This is the eighth installment of the online series by Peter Fetterman Gallery called the Power of Photography highlighting hope, peace and love in the world. We invite you to enjoy and reflect on these works during this time.
Walter Iooss Jr.
Kobe Bryant (holding basket ball), San Francisco, 2015
© Walter Iooss, Jr./Courtesy Peter Fetterman Gallery
I love sports imagery and I love portraits and this image has it all. Taken by the great photographer, Walter Iooss Jr., who has dedicated his life to capturing the greatest images of so many sports occasions it is more than just a portrait of a great athlete.
Taken on the occasion of Kobe’s retirement, it has the power and pathos appropriate to the occasion. As Michael Jordan said of Walter, “He’s quick and he is good.” I think here he is slow and really great and as quiet and self reflective as his subject is. A special moment, a special image.
Filippo Belli (1836-1927)
Untitled (Girl in Window), c. 1870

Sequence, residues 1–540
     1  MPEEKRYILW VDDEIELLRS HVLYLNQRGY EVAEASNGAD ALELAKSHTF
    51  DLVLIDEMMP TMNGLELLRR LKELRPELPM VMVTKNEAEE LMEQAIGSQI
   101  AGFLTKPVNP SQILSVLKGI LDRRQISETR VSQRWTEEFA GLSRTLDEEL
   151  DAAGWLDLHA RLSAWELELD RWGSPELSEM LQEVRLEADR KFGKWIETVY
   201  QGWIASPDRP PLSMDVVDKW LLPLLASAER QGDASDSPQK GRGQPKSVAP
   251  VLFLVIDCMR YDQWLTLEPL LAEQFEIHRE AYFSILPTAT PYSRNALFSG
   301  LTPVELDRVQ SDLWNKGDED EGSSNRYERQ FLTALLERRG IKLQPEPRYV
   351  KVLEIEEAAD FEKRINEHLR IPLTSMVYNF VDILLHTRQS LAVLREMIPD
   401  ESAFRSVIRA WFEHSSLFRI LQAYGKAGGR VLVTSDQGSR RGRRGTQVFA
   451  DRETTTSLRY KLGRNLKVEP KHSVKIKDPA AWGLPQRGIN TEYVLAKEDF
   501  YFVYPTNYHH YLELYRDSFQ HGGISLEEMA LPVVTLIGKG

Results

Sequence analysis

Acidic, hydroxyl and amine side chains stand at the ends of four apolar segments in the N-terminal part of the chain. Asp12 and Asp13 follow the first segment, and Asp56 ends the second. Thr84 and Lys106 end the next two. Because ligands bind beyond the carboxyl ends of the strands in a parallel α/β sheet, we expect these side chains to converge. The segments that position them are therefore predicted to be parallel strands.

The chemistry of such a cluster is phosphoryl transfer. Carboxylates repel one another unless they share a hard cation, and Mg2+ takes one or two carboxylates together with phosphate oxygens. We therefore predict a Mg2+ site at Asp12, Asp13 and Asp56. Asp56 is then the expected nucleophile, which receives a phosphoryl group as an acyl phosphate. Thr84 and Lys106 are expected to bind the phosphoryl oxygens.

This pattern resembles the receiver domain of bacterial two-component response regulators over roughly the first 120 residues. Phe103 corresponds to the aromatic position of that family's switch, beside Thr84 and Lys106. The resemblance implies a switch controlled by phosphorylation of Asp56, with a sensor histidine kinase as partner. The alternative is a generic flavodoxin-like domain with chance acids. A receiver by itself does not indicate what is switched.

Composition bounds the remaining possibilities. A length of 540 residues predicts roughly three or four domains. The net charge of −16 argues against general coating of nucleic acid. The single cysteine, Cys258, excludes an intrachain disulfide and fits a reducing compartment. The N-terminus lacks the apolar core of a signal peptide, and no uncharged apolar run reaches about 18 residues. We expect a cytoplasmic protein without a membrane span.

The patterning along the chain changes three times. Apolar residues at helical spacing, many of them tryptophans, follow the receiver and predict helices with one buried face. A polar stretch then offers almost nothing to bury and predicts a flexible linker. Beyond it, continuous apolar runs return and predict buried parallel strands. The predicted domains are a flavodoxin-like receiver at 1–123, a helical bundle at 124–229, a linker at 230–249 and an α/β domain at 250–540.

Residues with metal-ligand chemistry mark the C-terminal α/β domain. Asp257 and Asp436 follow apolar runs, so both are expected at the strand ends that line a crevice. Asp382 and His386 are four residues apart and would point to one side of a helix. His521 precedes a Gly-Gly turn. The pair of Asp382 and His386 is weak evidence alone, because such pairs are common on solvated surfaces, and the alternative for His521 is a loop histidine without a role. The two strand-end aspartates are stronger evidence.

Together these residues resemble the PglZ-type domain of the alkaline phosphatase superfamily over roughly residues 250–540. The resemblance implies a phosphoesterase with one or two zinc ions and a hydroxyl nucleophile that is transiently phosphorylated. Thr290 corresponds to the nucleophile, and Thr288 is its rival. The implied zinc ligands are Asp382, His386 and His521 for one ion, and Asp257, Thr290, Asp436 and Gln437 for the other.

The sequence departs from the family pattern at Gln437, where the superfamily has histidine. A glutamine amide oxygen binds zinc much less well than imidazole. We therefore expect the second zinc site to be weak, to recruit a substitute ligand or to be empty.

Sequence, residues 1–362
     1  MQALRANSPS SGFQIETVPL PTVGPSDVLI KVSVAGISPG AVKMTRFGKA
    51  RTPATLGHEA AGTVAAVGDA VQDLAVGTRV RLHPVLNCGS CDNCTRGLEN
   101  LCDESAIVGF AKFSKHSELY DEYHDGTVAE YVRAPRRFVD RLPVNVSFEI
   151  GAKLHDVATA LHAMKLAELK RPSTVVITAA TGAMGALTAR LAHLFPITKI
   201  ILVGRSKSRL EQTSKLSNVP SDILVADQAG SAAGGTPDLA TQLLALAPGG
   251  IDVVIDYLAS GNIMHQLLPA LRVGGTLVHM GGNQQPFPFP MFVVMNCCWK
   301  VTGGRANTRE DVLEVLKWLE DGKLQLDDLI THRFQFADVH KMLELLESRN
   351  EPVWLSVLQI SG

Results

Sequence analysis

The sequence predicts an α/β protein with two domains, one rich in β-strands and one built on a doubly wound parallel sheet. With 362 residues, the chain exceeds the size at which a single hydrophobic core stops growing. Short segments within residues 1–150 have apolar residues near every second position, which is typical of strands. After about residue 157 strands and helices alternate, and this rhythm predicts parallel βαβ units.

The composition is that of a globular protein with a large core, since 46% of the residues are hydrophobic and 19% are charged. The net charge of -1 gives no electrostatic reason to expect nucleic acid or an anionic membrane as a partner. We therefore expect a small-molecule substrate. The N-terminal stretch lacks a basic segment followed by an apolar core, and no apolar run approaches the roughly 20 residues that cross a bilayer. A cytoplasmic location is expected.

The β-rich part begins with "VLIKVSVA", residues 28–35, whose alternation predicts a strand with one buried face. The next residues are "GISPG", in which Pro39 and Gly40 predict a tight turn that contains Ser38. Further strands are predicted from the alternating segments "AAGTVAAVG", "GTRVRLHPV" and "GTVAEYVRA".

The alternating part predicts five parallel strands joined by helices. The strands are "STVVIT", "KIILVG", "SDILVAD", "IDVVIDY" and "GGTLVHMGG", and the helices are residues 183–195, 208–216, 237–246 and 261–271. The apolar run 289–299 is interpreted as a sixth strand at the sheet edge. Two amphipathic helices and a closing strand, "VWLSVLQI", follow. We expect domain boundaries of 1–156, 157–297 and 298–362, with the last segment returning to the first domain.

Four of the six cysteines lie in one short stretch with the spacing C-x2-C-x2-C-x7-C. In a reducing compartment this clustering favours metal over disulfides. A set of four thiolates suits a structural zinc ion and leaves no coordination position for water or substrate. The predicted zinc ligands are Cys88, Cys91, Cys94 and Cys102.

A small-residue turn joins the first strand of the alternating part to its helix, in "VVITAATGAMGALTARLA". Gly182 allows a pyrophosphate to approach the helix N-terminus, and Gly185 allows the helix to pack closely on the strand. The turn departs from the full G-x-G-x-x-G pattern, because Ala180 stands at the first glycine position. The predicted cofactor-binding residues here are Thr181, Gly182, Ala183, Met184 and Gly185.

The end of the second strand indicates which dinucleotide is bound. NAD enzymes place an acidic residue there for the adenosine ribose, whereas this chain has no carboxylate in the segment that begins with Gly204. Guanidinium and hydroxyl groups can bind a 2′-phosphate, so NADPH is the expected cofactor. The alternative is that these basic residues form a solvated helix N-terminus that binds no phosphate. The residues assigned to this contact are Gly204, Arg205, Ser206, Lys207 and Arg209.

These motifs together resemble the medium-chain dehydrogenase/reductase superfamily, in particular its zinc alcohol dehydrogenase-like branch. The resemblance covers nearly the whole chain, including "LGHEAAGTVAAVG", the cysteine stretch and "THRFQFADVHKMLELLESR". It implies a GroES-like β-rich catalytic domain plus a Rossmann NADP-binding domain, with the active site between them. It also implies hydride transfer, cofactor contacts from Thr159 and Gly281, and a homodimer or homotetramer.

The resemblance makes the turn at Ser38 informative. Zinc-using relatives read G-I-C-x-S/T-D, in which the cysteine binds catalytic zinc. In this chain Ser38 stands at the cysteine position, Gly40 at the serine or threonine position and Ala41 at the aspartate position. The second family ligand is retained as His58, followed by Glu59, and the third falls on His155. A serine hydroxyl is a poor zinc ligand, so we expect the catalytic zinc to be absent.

Courtesy Peter Fetterman Gallery
I love rich albumen 19th Century prints that I have never seen before and probably will never see again. And I love images shot from behind which have such a sense of mystery. I like to be seduced into the narrative of an image whose meaning I cannot quite really grasp. Such is this beautiful image taken by an underrated master Italian photographer. I keep going back and back again to view it since I first purchased it maybe 15 years ago… What is exactly going on? As a romantic I think this is a secret assignation between two lovers. Maybe even passing passionate letters through the slit in the window. It doesn’t matter if I am right or wrong. I just know it intrigues and moves me. That is the gift this photo has always given me.